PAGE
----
In contrast, cooling that happens in the subsurface as magma bodies solidify in the Earth's interior happens much more slowly. Magma may exist in a stage known as partial melt. This cooling and solidification generates rocks with relatively large crystals, visible to the naked eye. Rock of this type is referred to as intrusive igneous rock, and the coarser and larger grain sizes generate a texture referred to as phaneritic.
Both texture and composition define the specific types of igneous rock. Compositionally, igneous rocks span a range of felsic, to intermediate, to mafic. Felsic rocks are rich in aluminum and silica, whereas mafic rocks contain less silica, but more iron and magnesium. Magma compositions can fall anywhere on the spectrum between felsic and mafic.
Quantitatively, felsic rocks contain approximately 60-75% silicon dioxide by weight, and are more broadly called granitic. Mafic rocks contain around 45-60% silicon dioxide, and are broadly basaltic in composition. Intermediate compositions, at roughly 55-63% silicon dioxide, are referred to as andesitic.
Using two laboratory demonstrations, we can illustrate the processes of intrusive igneous rock formation and crystal formation at different cooling temperatures.
The first stage in partial melt demonstration is to select an appropriate lava substitute. Colored liquids like fruit juices can work well for this. To start the experiment, open a canister of frozen store-bought grape juice.
Next, empty a quarter of the container into gloved hands. Squeeze the frozen juice, making sure to provide constant and firm pressure. Note that the liquid draining off the frozen juice is a deep purple color. In contrast, the remaining solid has lost some of its coloration and appears paler than before.
The melting of grape juice demonstrates the concept of partial melting, as seen in magma. An initial melt, which will be liquid, is typically of different composition than the parent rock that undergoes melting.
The pigmented portion of the grape juice melts fastest, meaning that much of the pigment will run into the container early in the experiment, leaving less color behind. This simulates partial melting, and highlights differences in magma composition. The first liquid formed during partial melting of a rock, simulated by the dyed portion of the grape juice, is enriched in felsic components. When this liquid is removed from the system, as typically happens, then the remaining rock, represented by the clearer ice, will be of a more mafic composition.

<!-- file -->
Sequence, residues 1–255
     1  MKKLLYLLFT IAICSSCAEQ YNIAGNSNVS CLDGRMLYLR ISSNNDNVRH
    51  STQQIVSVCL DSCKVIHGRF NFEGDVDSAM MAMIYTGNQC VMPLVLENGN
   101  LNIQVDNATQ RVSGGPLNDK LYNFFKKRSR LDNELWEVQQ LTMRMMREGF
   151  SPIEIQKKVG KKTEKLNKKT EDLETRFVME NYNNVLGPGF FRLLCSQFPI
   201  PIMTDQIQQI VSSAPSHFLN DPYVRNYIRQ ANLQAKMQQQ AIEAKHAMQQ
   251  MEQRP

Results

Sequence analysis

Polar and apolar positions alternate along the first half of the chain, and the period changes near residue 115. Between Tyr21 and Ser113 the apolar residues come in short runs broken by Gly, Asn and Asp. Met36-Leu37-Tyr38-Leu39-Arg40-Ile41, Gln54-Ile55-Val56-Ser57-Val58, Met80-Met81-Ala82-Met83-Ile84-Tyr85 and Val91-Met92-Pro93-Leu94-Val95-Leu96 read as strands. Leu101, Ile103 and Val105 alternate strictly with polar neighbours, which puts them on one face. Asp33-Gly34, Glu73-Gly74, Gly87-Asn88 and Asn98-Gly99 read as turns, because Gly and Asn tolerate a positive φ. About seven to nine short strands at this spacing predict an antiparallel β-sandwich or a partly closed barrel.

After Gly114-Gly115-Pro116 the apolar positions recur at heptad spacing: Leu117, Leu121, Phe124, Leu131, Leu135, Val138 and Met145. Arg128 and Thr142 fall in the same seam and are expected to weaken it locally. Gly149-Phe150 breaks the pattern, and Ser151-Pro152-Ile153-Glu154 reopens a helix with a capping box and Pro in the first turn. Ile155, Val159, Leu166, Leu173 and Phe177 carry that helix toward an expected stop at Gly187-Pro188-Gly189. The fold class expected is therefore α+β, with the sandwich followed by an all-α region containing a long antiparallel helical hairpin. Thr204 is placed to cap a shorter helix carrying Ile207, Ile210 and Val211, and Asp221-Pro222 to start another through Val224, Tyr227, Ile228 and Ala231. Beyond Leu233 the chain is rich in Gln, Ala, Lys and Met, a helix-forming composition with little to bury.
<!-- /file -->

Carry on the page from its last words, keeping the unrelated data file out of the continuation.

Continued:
Thymol, a naturally occurring organic compound, is used to simulate rock crystallization. Sprinkle a layer of thymol crystals into a Petri dish, enough to cover the bottom. Set the Petri dish on a hot plate on a very low setting in a well-ventilated area. Low heat is important to prevent the crystals volatizing. Once the crystals have melted, remove the Petri dish from the heat. Set the dish on a table at room temperature and observe the cooling. Repeat the above heating steps with a second Petri dish and thymol crystals, but once melted, take the dish and place on top of an ice water bath to cool.
The thymol crystal experiment demonstrates what happens to igneous rock grain size at different cooling rates. Rapid cooling generates smaller crystals than slow cooling, and this difference is easily observed in the re-formed thymol crystals. The mixed crystals formed under slower cooling conditions resemble those seen in intrusive igneous rocks, which are formed during a slower process of cooling in the Earth's subsurface. In contrast, the smaller crystals formed under rapid cooling resemble extrusive igneous rocks, also known as aphanitic rocks, which form after magma breaches the surface via an eruption.
Identifying and understanding the properties and formation of intrusive igneous rock has vast applications for geologists and human populations as a whole.